New in the CETL Library

Every so often, when the budget gods smile upon us, we get some new books for the CETL Teaching and Learning Library. We’ve had a few orders come in recently, so this week’s post highlights some of these new acquisitions, which will be available for checkout within the next few days (as soon  as they’re finished being entered into the library’s cataloging system). 

So, without further ado, here are some of the notable recent additions to the CETL Library:

Julie J. Park, Race on Campus: Debunking Myths with Data (Harvard Education Press, 2018).

In this fascinating and thoroughly-researched yet accessible book, Park (a scholar of race and higher education at the University of Maryland) tackles the persistent myths that suffuse the discourse around such hot-button issues as affirmative action and diversity initiatives. Once you look at the actual data, Park argues, many of these myths crumble into dust. For example, she demonstrates that the proliferation of “ethnic” student associations and multicultural programs do not lead to unconstructive “self-segregation” by minority students, but fraternities and sororities do lead to that outcome for many white students. Affirmative action, she argues, does not benefit wealthier black students at the expense of those lower down the socioeconomic ladder, but actually helps African American students gain access to higher education across the range of socioeconomic groups. Park also addresses the “mismatch” argument put forward by the late Supreme Court Justice Antonin Scalia, demonstrating that it is the product of impressionistic bias rather than empirical evidence. If you’re looking for a bracing antidote to the often sloppy and caricatured arguments surrounding race in higher education, this is the book for you.

Allan G. Johnson, Privilege, Power, and Difference, 2nd ed. (McGraw-Hill, 2006).

Sociologist Allan Johnson is one of the foremost researchers of systems of social inequality in the United States. This text, an important contribution to understanding how interlocking systems of oppression and inequity affect various socio-cultural groups, is an invaluable resource for those of us working to mitigate the effects of those systems in institutions like ours. In his analysis of how “privilege” works, Johnson moves us past rote responses like “I’m poor, so how can I be privileged?” to an understanding of how racial and gender identities are situated within our broader social context. If you have ever seen a class struggle with discussing issues like power and privilege, or if you’re interested in the complex ways that identity and power can function in our society, Johnson’s text is essential read.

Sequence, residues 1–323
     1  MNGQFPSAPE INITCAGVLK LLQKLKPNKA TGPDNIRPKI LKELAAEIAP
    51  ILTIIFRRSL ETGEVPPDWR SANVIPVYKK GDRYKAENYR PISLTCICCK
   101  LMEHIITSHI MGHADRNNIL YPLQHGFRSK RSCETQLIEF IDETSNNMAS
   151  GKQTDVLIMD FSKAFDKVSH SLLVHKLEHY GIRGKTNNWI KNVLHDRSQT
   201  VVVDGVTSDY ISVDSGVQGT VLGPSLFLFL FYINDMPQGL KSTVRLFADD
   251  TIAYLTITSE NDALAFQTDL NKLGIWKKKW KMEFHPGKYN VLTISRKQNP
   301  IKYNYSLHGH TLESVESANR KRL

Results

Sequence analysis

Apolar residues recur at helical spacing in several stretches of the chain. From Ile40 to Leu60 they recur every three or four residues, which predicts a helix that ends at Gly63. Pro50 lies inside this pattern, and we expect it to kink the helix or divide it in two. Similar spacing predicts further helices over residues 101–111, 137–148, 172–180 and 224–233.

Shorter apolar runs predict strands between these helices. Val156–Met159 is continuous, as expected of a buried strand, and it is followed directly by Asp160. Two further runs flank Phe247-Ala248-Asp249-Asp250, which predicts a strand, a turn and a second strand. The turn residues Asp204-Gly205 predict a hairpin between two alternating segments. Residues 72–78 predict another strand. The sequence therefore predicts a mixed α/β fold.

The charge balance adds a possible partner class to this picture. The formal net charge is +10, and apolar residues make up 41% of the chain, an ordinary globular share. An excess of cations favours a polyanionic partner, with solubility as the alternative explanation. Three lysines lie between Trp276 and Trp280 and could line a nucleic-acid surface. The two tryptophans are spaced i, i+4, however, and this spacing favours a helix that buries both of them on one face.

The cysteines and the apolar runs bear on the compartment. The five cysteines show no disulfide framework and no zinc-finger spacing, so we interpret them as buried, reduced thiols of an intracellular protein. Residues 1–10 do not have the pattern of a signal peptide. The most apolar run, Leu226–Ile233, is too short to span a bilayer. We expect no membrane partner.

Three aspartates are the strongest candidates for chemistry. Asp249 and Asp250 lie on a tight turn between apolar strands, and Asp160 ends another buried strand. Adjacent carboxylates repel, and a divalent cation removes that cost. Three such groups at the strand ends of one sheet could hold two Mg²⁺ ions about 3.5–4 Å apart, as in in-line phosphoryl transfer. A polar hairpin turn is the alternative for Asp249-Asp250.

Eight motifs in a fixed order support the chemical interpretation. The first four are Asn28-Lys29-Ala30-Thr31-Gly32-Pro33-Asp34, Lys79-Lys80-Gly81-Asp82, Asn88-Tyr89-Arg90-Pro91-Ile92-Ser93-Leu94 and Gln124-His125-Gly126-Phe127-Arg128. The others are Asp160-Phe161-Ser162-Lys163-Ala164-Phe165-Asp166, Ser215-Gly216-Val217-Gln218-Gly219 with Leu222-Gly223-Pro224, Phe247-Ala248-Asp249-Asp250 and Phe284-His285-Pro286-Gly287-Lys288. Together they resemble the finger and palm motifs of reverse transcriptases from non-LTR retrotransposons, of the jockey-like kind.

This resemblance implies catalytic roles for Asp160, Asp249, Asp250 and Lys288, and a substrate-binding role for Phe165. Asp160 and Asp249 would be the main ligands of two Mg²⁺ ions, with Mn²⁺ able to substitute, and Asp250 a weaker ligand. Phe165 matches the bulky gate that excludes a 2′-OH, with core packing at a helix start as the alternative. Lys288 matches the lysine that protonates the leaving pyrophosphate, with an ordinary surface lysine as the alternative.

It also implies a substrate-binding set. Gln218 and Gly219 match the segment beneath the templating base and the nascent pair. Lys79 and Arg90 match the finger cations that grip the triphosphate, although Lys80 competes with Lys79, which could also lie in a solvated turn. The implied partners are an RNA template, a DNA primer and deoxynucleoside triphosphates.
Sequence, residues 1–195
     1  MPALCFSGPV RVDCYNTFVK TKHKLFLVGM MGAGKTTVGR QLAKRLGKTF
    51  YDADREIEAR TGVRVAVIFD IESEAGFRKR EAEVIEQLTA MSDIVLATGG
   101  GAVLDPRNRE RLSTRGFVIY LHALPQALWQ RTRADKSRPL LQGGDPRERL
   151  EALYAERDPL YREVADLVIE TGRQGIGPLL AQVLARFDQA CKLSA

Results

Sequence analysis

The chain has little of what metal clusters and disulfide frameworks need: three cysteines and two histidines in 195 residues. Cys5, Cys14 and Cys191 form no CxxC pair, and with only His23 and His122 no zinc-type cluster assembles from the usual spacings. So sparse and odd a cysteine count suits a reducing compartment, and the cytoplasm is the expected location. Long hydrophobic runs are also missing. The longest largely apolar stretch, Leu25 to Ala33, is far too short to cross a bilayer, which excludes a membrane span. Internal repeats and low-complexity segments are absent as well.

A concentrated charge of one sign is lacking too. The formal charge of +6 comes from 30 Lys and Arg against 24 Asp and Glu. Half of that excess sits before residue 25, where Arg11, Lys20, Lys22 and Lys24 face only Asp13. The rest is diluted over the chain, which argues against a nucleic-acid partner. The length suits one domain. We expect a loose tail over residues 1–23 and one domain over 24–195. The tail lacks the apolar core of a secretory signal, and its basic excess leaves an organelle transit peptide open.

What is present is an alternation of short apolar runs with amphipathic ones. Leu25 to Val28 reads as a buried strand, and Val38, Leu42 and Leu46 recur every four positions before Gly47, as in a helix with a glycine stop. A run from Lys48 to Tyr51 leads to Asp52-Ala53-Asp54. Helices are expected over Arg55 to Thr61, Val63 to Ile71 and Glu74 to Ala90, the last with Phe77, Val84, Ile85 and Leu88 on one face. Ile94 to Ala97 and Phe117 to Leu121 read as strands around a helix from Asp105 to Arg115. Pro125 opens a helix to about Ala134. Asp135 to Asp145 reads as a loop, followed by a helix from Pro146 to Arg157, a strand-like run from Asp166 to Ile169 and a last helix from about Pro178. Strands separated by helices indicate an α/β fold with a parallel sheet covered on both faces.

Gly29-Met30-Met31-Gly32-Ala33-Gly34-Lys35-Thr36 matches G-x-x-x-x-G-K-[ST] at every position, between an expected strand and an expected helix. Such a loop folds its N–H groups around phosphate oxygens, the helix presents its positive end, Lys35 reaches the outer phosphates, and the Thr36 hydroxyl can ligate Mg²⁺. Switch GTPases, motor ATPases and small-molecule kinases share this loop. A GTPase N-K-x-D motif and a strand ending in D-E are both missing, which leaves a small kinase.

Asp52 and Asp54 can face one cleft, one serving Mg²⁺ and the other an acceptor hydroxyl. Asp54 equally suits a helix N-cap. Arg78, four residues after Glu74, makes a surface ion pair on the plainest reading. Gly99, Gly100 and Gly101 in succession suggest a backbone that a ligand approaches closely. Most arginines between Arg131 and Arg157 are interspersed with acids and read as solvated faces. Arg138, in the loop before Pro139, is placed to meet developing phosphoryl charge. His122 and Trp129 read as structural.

Joshua R. Eyler, How Humans Learn: The Science and Stories behind Effective College Teaching. Teaching and Learning in Higher Education series, ed. James M. Lang (West Virginia University Press, 2018). 

Some of you might remember Josh Eyler’s visit to Grand View a couple of years ago, where he gave a talk on “How Failure is Essential for Student Learning.” The research he presented to us that evening was the basis for Chapter 5 of this book, which not only synthesizes much of the multi-disciplinary research on how we learn, but helps make sense of the meanings of that research for educational practitioners in classrooms (real and virtual) across higher education. Eyler identifies five key themes in our growing scientific understanding of how learning works: Curiosity, Sociality, Emotion, Authenticity, and Failure. He discusses the current states of theory and knowledge on each theme, but also grounds the discussion in case studies of college teachers across the country. The result is a fascinating and eminently useful look at the ways in which we can use evidence-based practices to improve learning in our own classes.

We invite you to come by the CETL to check out either one of these new books, or one of the over two hundred volumes we have in our teaching and learning collection. All of our holdings are catalogued with the rest of the Library’s collection; when you see “Rasmussen, 2nd Floor” for the location information, that’s the designator it’s part of our collection.


Have a question? Need some assistance? Want to check out a book? Come by the CETL in Rasmussen 208 or contact us to set up an appointment.

Finally, we’ve been made aware of the phishing email scam that’s been making its way into some of our inboxes. We’re not the only ones; colleges and universities across the country have seen similar phishing attempts. Ryan Cordell of Northeastern University took to Twitter with his excellent (and amusing) strategy for dealing with the spammers:

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